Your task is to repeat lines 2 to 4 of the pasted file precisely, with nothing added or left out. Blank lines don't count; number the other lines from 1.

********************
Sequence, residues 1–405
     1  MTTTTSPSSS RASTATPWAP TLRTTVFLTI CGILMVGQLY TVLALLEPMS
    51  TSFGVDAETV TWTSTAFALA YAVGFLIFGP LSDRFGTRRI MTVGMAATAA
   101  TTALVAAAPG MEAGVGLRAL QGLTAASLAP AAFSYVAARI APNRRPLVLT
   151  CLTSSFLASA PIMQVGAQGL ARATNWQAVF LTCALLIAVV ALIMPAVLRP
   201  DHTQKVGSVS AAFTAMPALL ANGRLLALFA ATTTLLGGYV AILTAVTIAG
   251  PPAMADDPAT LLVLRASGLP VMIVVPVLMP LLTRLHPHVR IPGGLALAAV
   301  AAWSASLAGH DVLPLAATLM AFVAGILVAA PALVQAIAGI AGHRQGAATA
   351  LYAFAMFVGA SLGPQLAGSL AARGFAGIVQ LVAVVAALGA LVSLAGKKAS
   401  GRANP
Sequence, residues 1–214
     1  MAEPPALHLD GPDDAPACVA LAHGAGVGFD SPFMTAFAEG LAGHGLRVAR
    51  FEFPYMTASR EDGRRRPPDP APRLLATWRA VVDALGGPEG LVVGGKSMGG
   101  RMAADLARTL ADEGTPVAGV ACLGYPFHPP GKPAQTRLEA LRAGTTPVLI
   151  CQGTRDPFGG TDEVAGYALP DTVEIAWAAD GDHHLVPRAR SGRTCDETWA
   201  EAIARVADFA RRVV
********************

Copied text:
     1  MTTTTSPSSS RASTATPWAP TLRTTVFLTI CGILMVGQLY TVLALLEPMS
    51  TSFGVDAETV TWTSTAFALA YAVGFLIFGP LSDRFGTRRI MTVGMAATAA
   101  TTALVAAAPG MEAGVGLRAL QGLTAASLAP AAFSYVAARI APNRRPLVLT